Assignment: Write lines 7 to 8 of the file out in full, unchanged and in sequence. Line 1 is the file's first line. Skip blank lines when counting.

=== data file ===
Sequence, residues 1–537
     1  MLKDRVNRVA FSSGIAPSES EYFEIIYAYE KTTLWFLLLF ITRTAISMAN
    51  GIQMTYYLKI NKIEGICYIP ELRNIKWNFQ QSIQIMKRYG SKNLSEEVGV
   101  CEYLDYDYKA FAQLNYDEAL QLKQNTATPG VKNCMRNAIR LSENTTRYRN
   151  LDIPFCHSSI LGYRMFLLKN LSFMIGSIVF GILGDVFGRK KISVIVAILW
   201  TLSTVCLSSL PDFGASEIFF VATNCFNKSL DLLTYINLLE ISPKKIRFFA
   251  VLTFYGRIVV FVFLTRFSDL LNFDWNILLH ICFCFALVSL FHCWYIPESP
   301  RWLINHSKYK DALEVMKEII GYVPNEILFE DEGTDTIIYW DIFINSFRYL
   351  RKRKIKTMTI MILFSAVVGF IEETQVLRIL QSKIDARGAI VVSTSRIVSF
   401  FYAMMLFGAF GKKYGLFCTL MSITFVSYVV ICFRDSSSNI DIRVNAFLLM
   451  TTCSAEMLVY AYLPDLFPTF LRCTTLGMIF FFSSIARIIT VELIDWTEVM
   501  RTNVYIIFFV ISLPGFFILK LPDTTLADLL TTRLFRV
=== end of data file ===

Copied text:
   251  VLTFYGRIVV FVFLTRFSDL LNFDWNILLH ICFCFALVSL FHCWYIPESP
   301  RWLINHSKYK DALEVMKEII GYVPNEILFE DEGTDTIIYW DIFINSFRYL